Ideological extremists could damage the UK economy, warns Professor Sir Anton Muscatelli
The MPs who will judge Theresa May on the success or failure of the Brexit negotiations with the EU recently set her a very ambitious target.
Laying out 15 different criteria in its latest report, the House of Commons’ Exiting the EU Select Committee told the Prime Minister they expected that trade in goods to be frictionless and not add to the costs on businesses. In addition, it expressed a desire for the UK’s financial and broadcasting services to be able to sell their products into EU markets as at present.
However, the MPs also made clear that if a bespoke “deep and special partnership” with the EU was not achieved, then membership of the European Economic Area should remain an option.
Unsurprisingly, the report’s conclusions were contentious and divided the Committee between those supporting a hard or soft Brexit – but broadly speaking we can separate the key economic issues in the forthcoming negotiations into two: trade integration and people.
The first is whether a “deep and special partnership” in trade is achievable. A stand-alone Free Trade Agreement (FTA) on the model of Canada or South Korea would cause real economic damage to the UK’s current trade with the EU, which is largely focused on integrated value chains between the UK and the EU, and UK services exports to the EU which are only covered in limited ways by FTAs.
Meeting the Select Committee’s criteria (or, indeed, achieving the Prime Minister’s objectives) would imply a partial integration of the UK into the European Single Market (ESM). The only examples of this are the deals which the EU has done with Switzerland and the Eastern Neighbourhood countries, such as Ukraine.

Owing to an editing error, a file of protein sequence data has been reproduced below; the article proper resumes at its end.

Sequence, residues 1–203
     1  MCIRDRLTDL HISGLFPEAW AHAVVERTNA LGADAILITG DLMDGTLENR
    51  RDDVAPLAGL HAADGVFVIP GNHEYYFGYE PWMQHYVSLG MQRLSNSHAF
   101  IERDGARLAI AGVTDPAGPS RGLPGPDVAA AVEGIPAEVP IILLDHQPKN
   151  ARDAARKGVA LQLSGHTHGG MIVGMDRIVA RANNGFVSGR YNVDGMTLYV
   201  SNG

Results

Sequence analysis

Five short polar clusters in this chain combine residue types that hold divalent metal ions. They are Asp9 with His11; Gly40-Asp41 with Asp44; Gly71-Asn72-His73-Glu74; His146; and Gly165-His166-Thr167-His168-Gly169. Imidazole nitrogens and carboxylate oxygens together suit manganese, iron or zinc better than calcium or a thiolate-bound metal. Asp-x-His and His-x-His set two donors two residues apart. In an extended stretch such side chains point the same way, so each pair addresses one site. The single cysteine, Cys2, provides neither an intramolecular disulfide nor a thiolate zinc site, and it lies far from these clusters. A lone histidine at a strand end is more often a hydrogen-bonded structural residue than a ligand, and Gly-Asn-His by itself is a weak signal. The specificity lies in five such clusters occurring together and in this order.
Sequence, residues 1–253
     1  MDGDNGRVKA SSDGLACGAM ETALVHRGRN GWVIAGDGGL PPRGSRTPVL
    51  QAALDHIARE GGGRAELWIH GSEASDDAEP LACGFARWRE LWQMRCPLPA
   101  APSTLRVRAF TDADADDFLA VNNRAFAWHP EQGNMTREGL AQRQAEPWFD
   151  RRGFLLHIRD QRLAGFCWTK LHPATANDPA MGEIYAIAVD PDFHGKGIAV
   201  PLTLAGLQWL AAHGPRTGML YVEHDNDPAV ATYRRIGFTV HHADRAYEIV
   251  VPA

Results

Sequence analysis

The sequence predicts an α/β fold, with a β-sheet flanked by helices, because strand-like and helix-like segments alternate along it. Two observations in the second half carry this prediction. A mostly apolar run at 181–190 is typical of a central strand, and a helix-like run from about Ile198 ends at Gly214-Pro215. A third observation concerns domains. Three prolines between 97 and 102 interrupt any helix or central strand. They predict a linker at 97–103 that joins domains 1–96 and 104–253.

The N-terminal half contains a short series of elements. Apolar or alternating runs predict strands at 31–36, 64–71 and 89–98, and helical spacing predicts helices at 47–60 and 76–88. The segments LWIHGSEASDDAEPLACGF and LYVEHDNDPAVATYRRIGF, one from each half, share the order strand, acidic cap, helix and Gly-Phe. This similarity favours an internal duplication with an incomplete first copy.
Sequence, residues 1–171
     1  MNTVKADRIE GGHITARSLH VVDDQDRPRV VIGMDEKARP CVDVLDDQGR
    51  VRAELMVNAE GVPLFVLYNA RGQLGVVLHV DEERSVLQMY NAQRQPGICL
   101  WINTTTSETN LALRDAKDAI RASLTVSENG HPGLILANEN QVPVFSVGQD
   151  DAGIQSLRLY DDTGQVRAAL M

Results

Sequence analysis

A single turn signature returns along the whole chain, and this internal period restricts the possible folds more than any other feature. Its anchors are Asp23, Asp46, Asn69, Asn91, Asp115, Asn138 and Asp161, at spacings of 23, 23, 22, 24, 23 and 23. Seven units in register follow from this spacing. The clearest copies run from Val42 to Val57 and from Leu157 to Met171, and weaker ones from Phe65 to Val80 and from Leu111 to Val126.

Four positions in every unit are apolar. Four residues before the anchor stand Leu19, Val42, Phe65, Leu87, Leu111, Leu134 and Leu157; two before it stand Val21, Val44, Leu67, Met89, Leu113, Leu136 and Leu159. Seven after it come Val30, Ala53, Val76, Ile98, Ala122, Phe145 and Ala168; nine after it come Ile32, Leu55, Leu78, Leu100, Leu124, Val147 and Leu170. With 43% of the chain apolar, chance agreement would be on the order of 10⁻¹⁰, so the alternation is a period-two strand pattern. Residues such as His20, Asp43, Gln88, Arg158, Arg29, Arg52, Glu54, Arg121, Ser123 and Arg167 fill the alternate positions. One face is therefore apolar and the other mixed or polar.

But the EU has made it clear that these examples are not ones that would be applicable to the UK.
The Ukraine deal is limited in scope and has been designed with a view to convergence over time with the EU. Elements of mutual recognition in the EU-Swiss treaties come closer to the territory which the UK wants to explore in these negotiations – but even if the EU were to agree to elements of mutual recognition or equivalence in various sectors/tiers in a future trade partnership, there would be an asymmetry of power, with the potential for continuous conflict between the UK and the EU. As is currently the case with Switzerland, the EU could end up effectively putting pressure on the UK whenever divergences emerge in tiers/sectors which compromise the integrity of the internal market.
If one looks at the 2017 Canada-EU agreement (CETA) or the 2011 EU-Korea FTA, one can see just how limited the scope of these deals tend to be. In the South Korea FTA, the focus of the deal in goods trade was in reducing non-tariff barriers in three main sectors, and in services there was a limited relaxation of right of establishment and relaxation around foreign ownership in sectors like telecommunications. None of this would approximate even slightly to the current access enjoyed by UK business and financial services in the EU. The second major economic issue facing the UK is the post-Brexit immigration regime for EU citizens.